The Maharashtra Electricity Regulatory Commission (MERC) has accepted the recommendations of the deviation settlement mechanism (DSM) working group and deferred the levy of state periphery charges until further notice. The MERC said that the state periphery charges already collected from renewable generators by the Maharashtra State Load Dispatch Center (MSLDC) from January 6, 2020, to April 27, 2020, should be adjusted toward the future payment of pooling substation charges of the respective renewable generators.
The Commission further added that the implementation of the Forecasting and Scheduling Regulations was in the overall interest of the state’s power sector. It directed the DSM working group to monitor the implementation of the MERC (Deviation Settlement Mechanism and Related Matters) Regulations.
The state regulator said that the working group should analyze the DSM bills for six months after commercial implementation of the DSM Regulations for providing suggestions on the modality of determining the periphery charges.
The Forecasting and Scheduling Regulations, 2018, came into force on January 06, 2020. After the implementation of the regulations, 28 developers approached the Commission with separate petitions, wherein they requested the Commission to give an extra trial period for implementing the regulations. The Commission rejected the appeals of all 28 petitioners seeking a trial or grace period to assess the challenges faced while complying with the provisions of the regulations.
Some renewable power generators even approached the Bombay High Court, challenging the regulations on the state periphery charges.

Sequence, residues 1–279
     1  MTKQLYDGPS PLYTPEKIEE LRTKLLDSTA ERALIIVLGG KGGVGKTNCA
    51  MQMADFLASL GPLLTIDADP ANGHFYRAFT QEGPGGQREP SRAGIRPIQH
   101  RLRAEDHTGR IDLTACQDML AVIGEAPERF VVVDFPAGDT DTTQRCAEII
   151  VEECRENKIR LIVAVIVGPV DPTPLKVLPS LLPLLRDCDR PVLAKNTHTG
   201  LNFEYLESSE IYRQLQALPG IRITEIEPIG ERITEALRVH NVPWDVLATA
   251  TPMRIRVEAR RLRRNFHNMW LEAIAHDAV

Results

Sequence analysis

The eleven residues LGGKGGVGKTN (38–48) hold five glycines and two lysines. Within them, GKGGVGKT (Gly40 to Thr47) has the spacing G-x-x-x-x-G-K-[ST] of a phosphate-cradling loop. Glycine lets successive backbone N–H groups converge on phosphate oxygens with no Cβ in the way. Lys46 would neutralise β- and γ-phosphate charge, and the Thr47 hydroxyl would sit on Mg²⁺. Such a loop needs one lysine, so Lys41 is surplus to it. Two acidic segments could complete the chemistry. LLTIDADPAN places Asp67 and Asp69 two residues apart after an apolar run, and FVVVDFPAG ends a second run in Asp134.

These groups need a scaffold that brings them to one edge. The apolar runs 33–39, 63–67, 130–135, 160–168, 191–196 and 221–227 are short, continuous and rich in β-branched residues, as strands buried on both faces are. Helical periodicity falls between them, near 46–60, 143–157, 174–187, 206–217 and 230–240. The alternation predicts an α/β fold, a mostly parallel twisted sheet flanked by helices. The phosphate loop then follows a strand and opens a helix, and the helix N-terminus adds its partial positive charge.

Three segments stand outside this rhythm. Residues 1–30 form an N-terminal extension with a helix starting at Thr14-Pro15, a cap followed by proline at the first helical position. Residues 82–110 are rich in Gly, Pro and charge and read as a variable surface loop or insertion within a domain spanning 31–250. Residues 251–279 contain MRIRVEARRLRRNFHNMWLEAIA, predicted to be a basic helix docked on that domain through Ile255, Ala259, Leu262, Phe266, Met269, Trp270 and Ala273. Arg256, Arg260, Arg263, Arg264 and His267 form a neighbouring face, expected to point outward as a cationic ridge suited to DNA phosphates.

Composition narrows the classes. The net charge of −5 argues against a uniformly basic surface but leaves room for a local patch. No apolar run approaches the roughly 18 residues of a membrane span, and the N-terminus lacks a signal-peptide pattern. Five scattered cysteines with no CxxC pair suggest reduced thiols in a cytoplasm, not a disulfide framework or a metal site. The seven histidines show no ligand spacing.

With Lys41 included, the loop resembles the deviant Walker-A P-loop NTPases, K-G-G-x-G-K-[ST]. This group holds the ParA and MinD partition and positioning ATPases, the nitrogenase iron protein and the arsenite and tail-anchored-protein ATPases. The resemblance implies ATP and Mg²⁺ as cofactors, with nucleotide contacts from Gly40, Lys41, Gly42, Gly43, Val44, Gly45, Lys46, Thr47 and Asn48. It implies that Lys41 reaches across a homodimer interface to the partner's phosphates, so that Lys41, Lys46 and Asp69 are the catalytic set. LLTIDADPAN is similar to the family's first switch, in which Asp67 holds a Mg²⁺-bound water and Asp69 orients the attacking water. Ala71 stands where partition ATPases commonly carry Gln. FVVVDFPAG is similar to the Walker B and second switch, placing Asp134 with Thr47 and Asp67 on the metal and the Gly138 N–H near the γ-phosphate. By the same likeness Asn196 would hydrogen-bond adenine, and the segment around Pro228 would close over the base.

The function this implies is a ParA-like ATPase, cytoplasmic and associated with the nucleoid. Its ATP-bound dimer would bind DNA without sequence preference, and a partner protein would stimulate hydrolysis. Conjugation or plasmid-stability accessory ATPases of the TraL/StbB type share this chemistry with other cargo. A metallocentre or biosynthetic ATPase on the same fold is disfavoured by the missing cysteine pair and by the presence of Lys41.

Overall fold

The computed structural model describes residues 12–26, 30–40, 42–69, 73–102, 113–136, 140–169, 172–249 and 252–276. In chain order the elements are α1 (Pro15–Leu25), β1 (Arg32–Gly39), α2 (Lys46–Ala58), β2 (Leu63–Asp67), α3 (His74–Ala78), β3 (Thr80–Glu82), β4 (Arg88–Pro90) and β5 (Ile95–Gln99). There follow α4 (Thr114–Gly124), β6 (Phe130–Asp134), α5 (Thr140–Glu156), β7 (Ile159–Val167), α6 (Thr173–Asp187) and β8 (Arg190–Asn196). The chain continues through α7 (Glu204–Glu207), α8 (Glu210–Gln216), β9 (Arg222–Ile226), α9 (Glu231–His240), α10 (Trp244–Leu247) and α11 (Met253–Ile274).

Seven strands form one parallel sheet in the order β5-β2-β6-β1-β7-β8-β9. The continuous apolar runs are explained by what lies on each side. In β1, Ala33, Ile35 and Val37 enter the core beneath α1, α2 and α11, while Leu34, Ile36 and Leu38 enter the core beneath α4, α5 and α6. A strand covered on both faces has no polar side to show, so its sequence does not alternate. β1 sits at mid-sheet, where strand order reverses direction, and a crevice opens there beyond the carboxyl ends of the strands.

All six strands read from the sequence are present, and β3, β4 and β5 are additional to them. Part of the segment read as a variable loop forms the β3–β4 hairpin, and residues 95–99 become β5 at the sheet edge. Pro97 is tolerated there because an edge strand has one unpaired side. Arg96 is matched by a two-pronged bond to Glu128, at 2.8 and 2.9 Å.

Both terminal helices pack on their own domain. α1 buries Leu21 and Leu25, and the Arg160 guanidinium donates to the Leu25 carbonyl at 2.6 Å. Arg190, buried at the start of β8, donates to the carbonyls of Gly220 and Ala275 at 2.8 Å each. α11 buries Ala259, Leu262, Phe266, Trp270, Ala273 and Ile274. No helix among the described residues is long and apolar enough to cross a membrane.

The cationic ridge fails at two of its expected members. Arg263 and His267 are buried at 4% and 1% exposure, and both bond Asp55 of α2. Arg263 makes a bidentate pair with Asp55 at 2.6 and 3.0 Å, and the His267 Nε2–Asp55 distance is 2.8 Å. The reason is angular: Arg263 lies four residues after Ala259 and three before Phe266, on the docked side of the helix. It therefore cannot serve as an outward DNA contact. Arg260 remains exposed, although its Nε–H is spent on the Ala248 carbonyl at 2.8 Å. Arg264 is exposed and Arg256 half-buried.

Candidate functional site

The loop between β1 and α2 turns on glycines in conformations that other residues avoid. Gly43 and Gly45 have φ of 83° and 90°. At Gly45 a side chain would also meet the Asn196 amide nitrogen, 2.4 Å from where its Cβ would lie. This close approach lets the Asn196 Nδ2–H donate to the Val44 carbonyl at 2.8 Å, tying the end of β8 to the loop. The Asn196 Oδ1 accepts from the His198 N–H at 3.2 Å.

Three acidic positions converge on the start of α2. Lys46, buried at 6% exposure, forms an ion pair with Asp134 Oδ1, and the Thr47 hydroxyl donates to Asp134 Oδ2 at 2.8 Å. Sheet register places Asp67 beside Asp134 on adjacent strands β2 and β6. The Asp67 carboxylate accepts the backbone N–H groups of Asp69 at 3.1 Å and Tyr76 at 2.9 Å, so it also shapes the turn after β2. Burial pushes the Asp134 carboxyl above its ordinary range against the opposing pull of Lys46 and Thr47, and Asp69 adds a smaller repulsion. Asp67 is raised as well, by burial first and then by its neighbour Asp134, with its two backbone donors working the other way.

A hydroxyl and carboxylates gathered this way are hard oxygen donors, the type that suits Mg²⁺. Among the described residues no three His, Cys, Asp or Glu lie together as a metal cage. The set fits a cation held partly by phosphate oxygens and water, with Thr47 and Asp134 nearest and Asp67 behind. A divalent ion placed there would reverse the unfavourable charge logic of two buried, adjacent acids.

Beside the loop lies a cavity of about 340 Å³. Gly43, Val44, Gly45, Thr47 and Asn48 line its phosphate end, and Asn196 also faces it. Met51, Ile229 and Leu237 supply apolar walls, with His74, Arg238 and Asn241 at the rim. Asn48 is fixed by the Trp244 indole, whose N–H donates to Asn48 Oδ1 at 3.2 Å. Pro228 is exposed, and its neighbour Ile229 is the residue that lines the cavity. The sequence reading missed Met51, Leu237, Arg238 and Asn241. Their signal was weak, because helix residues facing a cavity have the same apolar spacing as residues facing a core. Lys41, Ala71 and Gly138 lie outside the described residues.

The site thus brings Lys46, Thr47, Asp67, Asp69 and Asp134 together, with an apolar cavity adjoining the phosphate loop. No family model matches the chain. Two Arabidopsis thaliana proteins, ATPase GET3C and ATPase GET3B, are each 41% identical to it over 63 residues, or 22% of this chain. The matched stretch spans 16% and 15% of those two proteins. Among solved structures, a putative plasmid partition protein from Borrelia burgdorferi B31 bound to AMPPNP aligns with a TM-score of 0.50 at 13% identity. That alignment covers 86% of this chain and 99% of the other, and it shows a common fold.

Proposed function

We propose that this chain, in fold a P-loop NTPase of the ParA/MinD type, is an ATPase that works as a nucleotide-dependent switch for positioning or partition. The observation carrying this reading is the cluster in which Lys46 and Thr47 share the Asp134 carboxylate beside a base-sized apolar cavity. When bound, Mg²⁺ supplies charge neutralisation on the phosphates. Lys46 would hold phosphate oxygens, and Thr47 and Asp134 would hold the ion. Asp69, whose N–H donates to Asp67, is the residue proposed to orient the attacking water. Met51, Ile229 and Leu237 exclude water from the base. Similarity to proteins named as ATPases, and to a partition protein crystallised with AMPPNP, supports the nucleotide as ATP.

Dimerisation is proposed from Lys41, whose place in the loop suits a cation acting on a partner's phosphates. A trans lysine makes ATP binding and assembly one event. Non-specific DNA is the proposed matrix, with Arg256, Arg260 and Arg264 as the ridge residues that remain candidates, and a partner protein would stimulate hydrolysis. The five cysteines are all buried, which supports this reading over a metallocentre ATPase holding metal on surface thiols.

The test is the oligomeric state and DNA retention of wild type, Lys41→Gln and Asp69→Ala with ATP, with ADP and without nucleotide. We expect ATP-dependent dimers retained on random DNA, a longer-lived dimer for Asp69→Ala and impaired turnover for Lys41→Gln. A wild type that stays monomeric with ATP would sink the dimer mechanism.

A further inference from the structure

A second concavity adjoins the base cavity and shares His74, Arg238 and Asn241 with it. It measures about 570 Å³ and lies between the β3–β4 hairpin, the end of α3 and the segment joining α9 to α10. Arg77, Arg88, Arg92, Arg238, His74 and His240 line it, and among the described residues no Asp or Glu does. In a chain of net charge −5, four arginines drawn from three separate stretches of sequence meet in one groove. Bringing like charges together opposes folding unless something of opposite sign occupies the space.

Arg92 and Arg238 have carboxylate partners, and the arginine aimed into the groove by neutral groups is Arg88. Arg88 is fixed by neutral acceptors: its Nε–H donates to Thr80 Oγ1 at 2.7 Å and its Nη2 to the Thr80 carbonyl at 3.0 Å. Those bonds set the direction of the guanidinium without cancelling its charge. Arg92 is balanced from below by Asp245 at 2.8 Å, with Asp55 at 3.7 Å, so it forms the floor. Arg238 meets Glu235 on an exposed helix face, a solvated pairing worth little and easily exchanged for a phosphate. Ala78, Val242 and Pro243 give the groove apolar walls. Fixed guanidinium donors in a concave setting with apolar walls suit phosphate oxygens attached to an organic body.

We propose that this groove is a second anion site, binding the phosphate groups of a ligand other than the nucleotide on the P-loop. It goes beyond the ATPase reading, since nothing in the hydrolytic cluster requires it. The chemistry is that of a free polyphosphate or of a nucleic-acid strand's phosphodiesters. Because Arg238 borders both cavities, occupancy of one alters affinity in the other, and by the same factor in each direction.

Later, the Commission directed the DSM working group (formed to address the difficulties in implementing the DSM Regulations) to take up the computation of the state periphery charges.
The DSM working group, in its analysis, said that the state had to pay ₹14.5 million (~$192,795) to the regional pool, whereas the renewable energy generators had to pay ₹698.8 million (~$9.29 million) as pooling substation and state periphery charges. The DSM working group concluded that for all 19,488 time-blocks of 29 weeks analysis period starting from January 6 to July 26, 2020, MSLDC has calculated state periphery charges in line with the Forecasting and Scheduling Regulations.
After examining the facts, the Commission said that MSLDC computed the impact of the deviation of solar and wind energy generation and its contribution to the deviation charges at the state periphery. MSLDC computed the state periphery charges in line with the regulations and was aligned with the methodology stipulated in the DSM procedure that the DSM working group verified.
The regulator noted that the deviation data for the intrastate generators and the distribution licensees was not available. Had the said data been available, the deviation impact of renewable energy generators could have been distinguishable from the deviation impact of conventional generators and the distribution licensees.
The Commission observed that the grid discipline needed to be enforced so that the defaulters were made responsible for the deviations. This applied equally to the conventional generators, distribution licensees, and open access consumers. “It is thus necessary to continue to study the impact for a longer period. Hence, such deferment of the periphery charges shall be continued until further directions of the Commission in the matter,” the Commission said.
The Commission further noted that the renewable energy generators would gain experience with time, and the forecasting accuracy would improve further.
In July last year, MSLDC had written to qualified coordinating agencies in the state, asking them to pay their bills for renewable energy deviation settlement mechanisms for January and February 2020.
Earlier, MERC had rescheduled the implementation of its DSM Regulations from June 1, 2020, to October 5, 2020, due to the Covid-19 and cyclone Amphan crises.
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Rakesh Ranjan is a staff reporter at Mercom India. Prior to joining Mercom, he worked in many roles as a business correspondent, assistant editor, senior content writer, and sub-editor with bcfocus.com, CIOReview/Silicon India, Verbinden Communication, and Bangalore Bias. Rakesh holds a Bachelor’s degree in English from Indira Gandhi National Open University (IGNOU). More articles from Rakesh Ranjan.